Early Childhood as a Global Workforce Imperative
By Jerry Maginnis (Retired Partner Council Chair and Former Philadelphia Office Managing Partner, KPMG LLP)
I enjoyed the opportunity to be a guest speaker at a unique business leader event held in Mexico City on October 22, 2019 to discuss the importance of investing in early childhood education. This convening of executives, entitled “Business, Families, Human Capital: Advantages of Investing Early,” was the first of its kind for Mexico.
The FEMSA Foundation graciously hosted the event, bringing together Mexican executives from more than 25 companies across the country. Other supporters included CitiBanamex, CMN, IMCO and ReadyNation International. The purpose was to learn more about the value of early childhood investments from a business perspective. This new framing is crucial to a better understanding of why investing in the earliest years makes sense from an economic and workforce-development standpoint.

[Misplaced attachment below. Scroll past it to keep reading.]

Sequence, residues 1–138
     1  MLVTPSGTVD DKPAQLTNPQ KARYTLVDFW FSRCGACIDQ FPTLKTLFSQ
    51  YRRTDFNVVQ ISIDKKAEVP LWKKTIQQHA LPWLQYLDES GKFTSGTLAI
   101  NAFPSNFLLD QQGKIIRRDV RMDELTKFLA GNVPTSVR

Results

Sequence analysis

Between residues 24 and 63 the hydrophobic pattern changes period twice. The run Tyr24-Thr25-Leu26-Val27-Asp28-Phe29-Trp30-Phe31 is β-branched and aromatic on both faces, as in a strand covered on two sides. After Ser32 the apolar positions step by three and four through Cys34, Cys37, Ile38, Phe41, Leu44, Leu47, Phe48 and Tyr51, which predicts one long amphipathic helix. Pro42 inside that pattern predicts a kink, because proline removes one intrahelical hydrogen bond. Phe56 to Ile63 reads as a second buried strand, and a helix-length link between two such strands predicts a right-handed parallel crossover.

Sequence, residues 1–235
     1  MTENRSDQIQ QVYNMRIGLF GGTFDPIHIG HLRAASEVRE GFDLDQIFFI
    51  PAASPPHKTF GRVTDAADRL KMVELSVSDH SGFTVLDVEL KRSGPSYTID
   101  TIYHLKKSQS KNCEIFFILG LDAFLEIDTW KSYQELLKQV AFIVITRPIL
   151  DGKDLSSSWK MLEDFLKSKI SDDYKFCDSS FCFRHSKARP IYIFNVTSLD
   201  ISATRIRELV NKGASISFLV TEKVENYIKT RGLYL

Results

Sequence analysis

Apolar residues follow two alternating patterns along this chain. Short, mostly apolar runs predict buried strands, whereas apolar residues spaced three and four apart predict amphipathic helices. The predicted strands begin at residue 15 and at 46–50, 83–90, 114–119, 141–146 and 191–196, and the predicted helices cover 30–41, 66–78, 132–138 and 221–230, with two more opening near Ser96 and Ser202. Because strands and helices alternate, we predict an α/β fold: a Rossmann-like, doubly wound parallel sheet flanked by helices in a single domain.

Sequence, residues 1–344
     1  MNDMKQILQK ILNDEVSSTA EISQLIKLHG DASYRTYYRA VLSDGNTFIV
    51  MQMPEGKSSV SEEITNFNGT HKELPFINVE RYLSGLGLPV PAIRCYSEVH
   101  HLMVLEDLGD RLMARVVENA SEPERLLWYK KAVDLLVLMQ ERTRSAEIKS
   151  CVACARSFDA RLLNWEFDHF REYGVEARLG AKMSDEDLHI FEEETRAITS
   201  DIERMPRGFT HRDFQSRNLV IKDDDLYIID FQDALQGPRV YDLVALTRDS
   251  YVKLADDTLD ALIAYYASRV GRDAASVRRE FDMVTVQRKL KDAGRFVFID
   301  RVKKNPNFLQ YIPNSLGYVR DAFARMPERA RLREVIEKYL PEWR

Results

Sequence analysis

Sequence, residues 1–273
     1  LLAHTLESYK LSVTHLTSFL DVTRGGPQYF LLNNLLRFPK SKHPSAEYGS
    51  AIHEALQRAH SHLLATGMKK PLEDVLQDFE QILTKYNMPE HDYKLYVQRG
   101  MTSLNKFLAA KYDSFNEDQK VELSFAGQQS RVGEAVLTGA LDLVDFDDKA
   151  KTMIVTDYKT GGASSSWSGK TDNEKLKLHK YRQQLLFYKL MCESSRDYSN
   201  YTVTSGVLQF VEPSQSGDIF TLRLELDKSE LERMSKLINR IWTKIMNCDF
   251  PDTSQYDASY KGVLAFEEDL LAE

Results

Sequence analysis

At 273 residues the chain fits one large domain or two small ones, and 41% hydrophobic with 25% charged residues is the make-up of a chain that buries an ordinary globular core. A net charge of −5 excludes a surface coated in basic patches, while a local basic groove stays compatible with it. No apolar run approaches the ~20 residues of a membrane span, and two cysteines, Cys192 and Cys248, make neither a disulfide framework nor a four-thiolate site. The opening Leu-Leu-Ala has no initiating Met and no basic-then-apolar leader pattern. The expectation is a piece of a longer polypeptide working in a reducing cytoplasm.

This is a critical conversation because, through my experience with KPMG, I’ve learned that early education is a global workforce imperative. Across sectors and across nations, business leaders must support investments in quality early childhood experiences in order to lay a foundation for educational and career success that will help create the skilled workforce of tomorrow.
Research, both domestically and around the world, has shown time and time again the potential value of early childhood programs. In fact, a comprehensive review of 56 studies across 23 countries found impacts on health, education, cognitive ability, and emotional development.